Law

Almost a week after the release of Hit & Run, we have more questions than answers from the Defence Force and the Government.

Here’s some that have been rattling around in my brain this week:

Does a murderer really have the right to wear a hairpiece? Are we really living in such mad times? Or might things be a little more complex than that?

I suspect the High Court decision that prison officials acted wrongly in taking Phillip John Smith's hairpiece from him is going to turn the talkback outrage meter right up to 11. Prisoners have a right to wear a toupee? That piece of shit can keep his rug on?

The Department of Corrections was doing what the courts told it was the law. The courts were wrong about that, so now the Department of Corrections owes prisoners compensation. That's exactly how our law is supposed to work.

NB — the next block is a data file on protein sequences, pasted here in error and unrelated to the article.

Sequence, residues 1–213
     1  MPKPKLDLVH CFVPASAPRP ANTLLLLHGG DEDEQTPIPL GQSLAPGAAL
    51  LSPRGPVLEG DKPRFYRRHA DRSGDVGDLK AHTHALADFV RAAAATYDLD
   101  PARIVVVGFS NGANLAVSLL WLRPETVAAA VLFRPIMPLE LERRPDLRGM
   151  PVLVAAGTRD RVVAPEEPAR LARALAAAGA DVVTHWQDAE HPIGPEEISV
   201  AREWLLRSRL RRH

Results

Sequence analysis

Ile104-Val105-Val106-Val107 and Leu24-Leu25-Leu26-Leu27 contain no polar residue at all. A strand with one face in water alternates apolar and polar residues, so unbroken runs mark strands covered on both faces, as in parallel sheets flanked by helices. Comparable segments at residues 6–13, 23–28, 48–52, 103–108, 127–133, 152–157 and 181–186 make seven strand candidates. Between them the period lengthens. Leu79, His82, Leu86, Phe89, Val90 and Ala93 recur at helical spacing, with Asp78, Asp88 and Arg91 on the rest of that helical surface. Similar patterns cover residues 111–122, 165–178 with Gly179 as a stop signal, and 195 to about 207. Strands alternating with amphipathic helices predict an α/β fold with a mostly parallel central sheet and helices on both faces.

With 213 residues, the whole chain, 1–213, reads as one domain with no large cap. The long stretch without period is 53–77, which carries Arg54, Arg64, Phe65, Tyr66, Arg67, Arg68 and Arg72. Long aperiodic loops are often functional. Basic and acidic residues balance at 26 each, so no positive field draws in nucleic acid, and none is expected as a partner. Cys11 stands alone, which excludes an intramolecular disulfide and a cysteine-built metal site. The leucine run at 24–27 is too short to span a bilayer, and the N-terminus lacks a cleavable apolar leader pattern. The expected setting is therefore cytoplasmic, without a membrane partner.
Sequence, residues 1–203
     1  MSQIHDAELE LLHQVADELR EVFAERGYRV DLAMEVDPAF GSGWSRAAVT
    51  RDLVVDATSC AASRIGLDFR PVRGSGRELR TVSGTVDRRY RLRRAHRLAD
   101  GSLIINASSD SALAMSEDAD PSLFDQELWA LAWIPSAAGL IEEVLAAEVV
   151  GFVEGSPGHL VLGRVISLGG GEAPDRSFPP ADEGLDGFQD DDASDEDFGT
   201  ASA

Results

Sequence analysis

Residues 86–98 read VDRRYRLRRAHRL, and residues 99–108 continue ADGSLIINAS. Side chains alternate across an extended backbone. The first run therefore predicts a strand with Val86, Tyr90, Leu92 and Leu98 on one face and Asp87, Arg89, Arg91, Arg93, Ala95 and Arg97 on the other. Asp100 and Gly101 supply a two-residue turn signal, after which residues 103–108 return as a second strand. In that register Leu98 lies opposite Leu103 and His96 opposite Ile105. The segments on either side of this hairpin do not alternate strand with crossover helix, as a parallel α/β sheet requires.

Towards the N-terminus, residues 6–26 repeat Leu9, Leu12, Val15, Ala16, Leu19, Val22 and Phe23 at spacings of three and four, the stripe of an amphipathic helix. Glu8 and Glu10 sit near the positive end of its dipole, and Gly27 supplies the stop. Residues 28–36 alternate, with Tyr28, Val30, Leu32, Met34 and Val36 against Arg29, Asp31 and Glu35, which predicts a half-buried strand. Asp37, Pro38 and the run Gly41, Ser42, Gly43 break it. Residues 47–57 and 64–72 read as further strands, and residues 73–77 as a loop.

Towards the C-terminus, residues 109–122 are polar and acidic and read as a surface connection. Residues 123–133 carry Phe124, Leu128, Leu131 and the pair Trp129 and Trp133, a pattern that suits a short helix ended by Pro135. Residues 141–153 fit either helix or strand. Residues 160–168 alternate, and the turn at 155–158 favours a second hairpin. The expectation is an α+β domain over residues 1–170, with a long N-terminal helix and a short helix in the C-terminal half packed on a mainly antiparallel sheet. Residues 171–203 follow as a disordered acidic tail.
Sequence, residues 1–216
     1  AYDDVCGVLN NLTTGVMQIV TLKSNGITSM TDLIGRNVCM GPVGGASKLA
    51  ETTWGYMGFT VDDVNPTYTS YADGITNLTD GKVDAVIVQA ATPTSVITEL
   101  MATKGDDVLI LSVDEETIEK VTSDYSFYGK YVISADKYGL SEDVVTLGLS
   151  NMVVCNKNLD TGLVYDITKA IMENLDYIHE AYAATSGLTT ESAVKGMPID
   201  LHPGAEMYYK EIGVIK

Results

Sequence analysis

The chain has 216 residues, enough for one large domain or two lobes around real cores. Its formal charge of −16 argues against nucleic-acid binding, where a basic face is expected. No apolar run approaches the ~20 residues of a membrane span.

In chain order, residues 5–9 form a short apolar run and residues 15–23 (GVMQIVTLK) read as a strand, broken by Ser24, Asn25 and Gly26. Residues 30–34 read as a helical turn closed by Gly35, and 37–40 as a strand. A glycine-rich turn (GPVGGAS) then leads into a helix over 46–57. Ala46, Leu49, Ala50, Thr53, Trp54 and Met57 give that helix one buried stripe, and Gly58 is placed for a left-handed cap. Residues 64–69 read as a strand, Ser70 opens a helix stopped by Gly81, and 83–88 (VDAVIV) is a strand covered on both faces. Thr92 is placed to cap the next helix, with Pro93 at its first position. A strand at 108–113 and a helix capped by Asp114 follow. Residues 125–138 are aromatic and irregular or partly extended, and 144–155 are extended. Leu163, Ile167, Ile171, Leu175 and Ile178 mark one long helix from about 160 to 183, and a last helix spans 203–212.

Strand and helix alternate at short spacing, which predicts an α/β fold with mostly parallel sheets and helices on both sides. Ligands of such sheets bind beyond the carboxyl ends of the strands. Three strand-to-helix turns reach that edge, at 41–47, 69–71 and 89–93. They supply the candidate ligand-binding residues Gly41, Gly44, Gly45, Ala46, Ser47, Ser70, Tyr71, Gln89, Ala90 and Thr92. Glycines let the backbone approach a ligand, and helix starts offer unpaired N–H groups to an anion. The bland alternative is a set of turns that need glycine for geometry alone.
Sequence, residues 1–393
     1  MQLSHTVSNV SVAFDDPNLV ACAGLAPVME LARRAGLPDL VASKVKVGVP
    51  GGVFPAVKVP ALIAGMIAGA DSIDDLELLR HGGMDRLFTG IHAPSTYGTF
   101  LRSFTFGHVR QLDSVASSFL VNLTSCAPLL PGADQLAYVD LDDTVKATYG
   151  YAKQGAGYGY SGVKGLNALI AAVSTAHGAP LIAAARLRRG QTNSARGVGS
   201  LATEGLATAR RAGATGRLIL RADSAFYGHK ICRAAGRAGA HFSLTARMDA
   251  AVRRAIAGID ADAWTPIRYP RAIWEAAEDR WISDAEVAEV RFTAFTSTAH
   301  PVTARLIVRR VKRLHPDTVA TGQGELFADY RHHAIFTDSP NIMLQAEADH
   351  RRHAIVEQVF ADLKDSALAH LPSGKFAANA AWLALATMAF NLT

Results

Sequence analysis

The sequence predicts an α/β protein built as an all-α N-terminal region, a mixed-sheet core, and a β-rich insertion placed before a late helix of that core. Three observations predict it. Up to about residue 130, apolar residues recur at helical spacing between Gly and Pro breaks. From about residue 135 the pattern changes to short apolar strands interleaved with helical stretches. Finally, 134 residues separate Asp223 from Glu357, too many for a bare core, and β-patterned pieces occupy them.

On Wednesday evening I had the pleasure of attending the launch of Sir Geoffrey Palmer and Andrew Butler's book proposing a written constitution for New Zealand. It was held at Parliament, and may I say that a fine time was had by all.

Provided it was lawfully obtained overseas for the treatment of a medical condition, you legally are permitted to bring up to 31 days worth of medical marijuana into New Zealand. Here's the proof.

Last month I wrote a pair of posts arguing that, under the Misuse of Drugs Act 1975, s 8(2)(l), a person is entitled to bring on their person into NZ up to a month's supply of

There is no reason to cancel the passport of any so-called "Jihadi brides". And Chris Lynch is a bit of a moron for suggesting that this should happen.

I have had past occasion to poke the borax a bit at Internal Affairs Minister Peter Dunne. But I have to say that this week he's been a refreshing breath of sensibility on the shock-horror issue of New Zealanders setting out to become "Jihadi brides".